with them, and Ilenrv, consequently, knew biai
personally.
Mr. Anderson, is the fat her of George Anderson,
who is detained on the same charge as
Giraud. George is just fifteen years old, audi
i having finished a term of three years at a Bonrd-j
ing School, also prevailed on his parents to allow
I him In on nno vrivuiro tr> km flnrinrr his vacation.
"" b" """ '~j"b~ o
Ilis father is a gentleman of large means, having
his countrv seat on Coney Island, and being at
the head of a large commercial House in New
York. Mr. Anderson and his lady both accompanied
their son, in the Ariel, down to the Nari
rows, on the day of her departure from New
York, and a more happy crew, he says, he never
saw. i;
The parents and friends of these youths cot*fiJently
believe in their innocence, and only ask
a patient withdrawal of public opinion until the
whole shall be made known at the legal tribunal,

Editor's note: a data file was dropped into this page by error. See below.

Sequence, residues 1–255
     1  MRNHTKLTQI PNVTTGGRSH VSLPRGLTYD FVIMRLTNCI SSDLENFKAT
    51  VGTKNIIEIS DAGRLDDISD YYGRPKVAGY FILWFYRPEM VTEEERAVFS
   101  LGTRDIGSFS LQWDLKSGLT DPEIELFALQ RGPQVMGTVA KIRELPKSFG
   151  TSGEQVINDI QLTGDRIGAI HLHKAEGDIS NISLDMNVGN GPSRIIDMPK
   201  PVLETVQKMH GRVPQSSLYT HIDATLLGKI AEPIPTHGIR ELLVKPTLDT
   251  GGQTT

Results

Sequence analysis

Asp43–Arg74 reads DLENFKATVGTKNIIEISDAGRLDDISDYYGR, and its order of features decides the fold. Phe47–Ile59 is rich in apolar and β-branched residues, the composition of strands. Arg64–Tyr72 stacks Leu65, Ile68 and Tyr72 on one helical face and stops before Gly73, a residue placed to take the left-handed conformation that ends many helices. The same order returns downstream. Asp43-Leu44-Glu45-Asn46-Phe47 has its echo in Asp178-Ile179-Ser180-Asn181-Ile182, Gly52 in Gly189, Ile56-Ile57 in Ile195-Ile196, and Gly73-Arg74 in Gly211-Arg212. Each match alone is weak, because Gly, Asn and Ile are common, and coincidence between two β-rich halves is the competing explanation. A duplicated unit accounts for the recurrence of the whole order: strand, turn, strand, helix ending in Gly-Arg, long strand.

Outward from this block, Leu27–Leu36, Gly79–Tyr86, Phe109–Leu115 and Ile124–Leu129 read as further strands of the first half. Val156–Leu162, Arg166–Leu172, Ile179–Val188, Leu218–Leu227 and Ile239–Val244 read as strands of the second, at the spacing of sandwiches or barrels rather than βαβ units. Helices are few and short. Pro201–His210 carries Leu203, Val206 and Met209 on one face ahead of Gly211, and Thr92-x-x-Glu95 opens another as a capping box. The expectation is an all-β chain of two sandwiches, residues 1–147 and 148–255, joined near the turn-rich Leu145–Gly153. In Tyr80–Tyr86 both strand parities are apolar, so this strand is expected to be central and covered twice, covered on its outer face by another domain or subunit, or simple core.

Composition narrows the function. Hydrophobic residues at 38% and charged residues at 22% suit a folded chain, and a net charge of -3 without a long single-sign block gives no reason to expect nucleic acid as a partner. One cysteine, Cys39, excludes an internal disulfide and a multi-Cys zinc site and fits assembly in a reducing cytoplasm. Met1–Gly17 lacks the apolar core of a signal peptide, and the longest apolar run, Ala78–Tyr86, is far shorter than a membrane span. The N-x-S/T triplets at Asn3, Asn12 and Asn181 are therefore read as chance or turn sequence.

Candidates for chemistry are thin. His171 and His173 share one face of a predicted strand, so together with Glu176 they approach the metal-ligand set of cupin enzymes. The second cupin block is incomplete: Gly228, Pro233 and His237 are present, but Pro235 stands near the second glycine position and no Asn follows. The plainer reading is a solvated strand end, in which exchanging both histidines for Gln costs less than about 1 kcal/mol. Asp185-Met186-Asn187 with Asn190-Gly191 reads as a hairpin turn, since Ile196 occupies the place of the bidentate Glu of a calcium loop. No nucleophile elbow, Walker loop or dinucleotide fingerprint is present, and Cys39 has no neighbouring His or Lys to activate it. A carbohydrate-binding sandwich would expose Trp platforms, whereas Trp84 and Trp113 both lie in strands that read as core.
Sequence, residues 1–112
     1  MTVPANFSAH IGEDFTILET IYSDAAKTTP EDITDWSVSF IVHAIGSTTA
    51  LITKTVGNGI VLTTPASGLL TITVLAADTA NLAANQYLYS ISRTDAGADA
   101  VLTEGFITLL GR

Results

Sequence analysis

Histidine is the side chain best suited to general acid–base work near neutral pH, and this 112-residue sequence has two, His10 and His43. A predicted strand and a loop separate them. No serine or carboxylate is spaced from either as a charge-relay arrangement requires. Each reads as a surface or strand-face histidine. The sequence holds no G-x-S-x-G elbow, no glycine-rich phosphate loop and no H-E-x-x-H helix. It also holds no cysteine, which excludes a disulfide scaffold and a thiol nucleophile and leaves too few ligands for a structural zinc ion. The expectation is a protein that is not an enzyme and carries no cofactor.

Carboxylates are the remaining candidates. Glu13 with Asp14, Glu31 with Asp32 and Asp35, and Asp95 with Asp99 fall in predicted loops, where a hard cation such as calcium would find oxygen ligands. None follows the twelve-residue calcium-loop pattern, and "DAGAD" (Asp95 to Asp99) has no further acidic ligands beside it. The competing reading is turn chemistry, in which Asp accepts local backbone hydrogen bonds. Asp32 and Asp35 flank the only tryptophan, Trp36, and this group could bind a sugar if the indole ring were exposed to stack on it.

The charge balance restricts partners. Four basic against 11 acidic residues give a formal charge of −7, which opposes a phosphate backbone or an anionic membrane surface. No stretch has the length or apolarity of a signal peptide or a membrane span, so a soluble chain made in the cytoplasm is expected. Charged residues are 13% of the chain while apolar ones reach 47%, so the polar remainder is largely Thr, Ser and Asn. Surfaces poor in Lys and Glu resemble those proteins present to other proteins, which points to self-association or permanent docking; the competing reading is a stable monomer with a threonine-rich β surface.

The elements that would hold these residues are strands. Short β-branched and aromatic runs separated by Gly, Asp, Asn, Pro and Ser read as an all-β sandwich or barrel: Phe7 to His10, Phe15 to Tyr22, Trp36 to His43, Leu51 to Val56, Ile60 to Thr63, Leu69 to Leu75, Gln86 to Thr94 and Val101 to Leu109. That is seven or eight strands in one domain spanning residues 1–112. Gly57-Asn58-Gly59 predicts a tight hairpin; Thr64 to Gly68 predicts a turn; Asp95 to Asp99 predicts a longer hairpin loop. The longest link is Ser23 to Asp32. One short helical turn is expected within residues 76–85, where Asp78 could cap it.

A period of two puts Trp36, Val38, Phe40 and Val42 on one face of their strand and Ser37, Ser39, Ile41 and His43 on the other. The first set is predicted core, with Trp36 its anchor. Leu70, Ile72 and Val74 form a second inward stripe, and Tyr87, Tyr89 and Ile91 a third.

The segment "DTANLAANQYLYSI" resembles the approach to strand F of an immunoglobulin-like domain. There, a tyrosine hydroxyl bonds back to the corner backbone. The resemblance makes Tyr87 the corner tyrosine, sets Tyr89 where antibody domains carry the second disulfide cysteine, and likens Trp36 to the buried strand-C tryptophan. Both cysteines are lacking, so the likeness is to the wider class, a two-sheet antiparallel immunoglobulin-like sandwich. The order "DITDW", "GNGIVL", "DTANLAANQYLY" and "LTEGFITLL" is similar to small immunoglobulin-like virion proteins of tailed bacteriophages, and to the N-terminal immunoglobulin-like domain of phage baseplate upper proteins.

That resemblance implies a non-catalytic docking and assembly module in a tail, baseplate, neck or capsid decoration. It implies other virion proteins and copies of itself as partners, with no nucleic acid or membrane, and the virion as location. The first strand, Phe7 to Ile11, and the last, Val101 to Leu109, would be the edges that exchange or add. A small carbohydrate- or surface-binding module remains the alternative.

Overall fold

being perfectly willing to abide the resultCharleston
Courier 18th hist.
i lie ^uiiuwi vi
The following, which we cut frotn a Tennessee
paper, is a portion of a letter from a clergyman
in Louisville, Kentucky, whose name is not
given, written to one of his flock :
" I am now in my 78th year, and have been
in the ministerial office a little upward of a half
century. During the long course of my ministry,
ten years occupying the old homestead, and
upward of forty in my present location, and
under different phases of the political atmosphere,
I never saw it my duty, or felt the slightest
inclination, to preach what is generally called! ?
political sermon. And it by one word, or evetv
insinuation from the pulpit, I ever disturbed or
interrupted the feelings of a political bearer, 1